The Ecofriendly Exerciser
Those of us who work out regularly have a vested interest in a healthy environment. After all, enjoying nature is one of the great attractions of outdoor exercise, and who wants to fill their lungs with polluted air? While most of what we can do to help Mother Nature occurs during sedentary hours, there are things associated with a fitness regimen that have environmental consequences.
As with ramping up a fitness routine or eating better, becoming an ecofriendly exerciser needn’t be an all-or-nothing undertaking—making some changes, no matter how small, are better than making none. What at first might seem like things you must remind or force yourself to do become close to second nature with enough practice. (Once again, just like working out and eating well.) And as with a good fitness program, little steps accumulate to have significant effects. Here are some choices to consider to help the planet’s health while you improve yours.
When possible, try to combine your workouts with daily tasks. For example, cycle part or all of the way to work. Walk to the grocery store. Run home after dropping your car at the mechanic’s shop. (Swim or row to your vacation in the Caribbean Islands? Well, let’s not get carried away.) You’ll get your workout in while reducing greenhouse gases, and you’ll probably save time in the bargain.
On the flip side, if you frequently drive to work out, consider buying a carbon offset for the miles you put in getting to and from the gym, track, trail or park. Carbon offsets account for greenhouse gases you produce (in this case, by driving) and fund an appropriate amount of resources that counteract those gases, such as by planting trees and supporting renewable energy sources. To learn more, read these guides offered by the environmental news sites Treehugger.com and Grist.org.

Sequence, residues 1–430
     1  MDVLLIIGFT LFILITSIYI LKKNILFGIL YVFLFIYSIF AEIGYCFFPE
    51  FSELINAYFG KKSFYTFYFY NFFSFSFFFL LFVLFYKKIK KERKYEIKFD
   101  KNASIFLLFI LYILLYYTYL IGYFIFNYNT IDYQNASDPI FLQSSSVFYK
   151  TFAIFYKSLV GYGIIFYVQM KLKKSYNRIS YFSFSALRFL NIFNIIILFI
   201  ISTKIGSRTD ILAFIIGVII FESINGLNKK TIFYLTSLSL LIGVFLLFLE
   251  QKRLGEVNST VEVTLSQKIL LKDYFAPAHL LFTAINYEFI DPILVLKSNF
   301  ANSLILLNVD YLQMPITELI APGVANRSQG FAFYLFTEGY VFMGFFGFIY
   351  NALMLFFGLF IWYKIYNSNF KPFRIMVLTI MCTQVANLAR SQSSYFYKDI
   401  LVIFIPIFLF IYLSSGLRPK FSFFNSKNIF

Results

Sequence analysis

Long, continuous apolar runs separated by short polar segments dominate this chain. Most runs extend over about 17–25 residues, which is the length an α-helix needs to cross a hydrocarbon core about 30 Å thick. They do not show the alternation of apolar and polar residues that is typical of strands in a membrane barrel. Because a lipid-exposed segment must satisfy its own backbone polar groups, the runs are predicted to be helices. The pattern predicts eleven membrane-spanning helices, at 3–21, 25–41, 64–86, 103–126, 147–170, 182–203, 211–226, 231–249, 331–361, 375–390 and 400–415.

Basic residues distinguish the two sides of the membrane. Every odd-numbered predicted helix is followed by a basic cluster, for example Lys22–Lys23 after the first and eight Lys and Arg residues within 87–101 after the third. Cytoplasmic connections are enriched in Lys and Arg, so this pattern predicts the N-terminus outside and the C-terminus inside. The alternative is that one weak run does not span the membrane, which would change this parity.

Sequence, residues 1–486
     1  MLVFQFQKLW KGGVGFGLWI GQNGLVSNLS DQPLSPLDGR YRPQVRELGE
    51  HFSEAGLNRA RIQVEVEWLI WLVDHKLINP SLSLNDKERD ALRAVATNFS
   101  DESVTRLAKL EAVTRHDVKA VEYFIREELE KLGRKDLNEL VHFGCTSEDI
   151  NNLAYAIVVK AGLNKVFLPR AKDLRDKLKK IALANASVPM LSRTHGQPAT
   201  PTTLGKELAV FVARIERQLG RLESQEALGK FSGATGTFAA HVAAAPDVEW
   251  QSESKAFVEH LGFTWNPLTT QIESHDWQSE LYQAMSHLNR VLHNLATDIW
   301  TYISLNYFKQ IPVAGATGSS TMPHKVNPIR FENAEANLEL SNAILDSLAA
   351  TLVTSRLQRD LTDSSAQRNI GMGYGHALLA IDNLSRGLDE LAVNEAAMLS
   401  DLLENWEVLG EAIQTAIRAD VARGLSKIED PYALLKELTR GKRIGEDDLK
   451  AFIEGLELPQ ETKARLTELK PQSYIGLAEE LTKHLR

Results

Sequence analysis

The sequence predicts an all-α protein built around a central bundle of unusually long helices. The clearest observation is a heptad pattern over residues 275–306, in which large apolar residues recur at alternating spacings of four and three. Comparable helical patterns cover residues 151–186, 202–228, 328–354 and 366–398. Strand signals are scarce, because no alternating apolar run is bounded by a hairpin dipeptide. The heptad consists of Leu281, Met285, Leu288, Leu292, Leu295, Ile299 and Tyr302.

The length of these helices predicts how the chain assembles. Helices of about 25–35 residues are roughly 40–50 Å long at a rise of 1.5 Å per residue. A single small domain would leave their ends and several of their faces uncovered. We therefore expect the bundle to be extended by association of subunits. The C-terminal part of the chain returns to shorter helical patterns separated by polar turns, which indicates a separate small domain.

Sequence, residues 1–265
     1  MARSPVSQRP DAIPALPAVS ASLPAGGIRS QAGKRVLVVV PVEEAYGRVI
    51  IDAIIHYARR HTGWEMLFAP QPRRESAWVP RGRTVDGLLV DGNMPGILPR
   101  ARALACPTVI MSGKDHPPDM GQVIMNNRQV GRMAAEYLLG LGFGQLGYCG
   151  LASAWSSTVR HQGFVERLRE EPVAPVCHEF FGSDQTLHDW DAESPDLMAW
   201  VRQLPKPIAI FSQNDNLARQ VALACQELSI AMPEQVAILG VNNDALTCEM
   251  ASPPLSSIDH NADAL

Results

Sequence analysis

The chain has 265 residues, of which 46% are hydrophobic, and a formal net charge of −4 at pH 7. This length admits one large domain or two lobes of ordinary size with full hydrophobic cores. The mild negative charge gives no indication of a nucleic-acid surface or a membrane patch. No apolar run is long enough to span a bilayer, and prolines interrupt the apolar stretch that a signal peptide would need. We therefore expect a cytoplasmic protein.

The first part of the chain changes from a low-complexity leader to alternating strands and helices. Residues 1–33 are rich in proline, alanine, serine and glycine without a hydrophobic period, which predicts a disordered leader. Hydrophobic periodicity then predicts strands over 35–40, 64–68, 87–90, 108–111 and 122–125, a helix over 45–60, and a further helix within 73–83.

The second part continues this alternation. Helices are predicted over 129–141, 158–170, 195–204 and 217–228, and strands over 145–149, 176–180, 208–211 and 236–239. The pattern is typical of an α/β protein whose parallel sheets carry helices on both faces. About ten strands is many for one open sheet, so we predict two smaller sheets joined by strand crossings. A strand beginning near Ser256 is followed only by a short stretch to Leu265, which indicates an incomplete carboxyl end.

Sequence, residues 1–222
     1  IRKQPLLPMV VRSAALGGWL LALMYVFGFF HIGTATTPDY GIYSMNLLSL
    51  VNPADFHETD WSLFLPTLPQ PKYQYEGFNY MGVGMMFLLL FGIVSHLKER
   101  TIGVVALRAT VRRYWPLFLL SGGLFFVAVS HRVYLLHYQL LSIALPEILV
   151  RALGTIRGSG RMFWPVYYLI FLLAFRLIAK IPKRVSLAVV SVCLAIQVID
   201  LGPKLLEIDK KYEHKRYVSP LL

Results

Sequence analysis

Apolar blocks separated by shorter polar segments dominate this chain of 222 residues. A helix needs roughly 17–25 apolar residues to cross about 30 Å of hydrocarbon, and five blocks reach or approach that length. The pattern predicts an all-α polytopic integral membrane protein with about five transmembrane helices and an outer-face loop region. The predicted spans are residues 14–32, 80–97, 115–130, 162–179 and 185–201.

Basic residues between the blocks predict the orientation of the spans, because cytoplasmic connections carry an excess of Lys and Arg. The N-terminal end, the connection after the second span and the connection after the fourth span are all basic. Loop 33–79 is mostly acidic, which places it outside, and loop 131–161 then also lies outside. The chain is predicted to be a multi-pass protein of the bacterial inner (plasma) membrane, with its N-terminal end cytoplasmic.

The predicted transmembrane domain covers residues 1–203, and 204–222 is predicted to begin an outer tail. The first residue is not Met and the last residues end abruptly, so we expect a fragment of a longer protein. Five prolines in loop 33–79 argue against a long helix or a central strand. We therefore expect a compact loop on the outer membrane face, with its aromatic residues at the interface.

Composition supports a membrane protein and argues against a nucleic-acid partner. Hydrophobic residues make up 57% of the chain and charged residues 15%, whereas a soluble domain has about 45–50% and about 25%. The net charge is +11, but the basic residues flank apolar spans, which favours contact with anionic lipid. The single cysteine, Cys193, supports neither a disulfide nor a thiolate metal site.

Showers and Laundry
Frequent workouts can mean taking more showers than sedentary people. Consider getting a low-volume shower head. On average, these devices dispense less than two gallons of water per minute, which is between 50 percent and 70 percent less than a typical shower head. Some models even come with a pause button that shuts off the water while you soap up or wash your hair. You can find low-volume shower heads for as little as $12.
Regular exercise also means more clothes to wash. Depending on factors such as your sweat rate, your spouse’s olfactory tolerance, etc., wear your gear for more than one workout. A quick rinse with cold water after you’re done will get most of the offensive odors out, and will help the gear last longer than if it spends half of its life in the washing machine.
When it’s time to do laundry, wash in cold water (energy saved by not unnecessarily heating water), and use powdered detergent (energy saved by not transporting liquid detergent). Instead of using a dryer, hang your clothes to dry. Doing so not only saves energy, but leaves the clothes smelling better, and lengthens their life, especially for the technical fibers much workout gear is made of.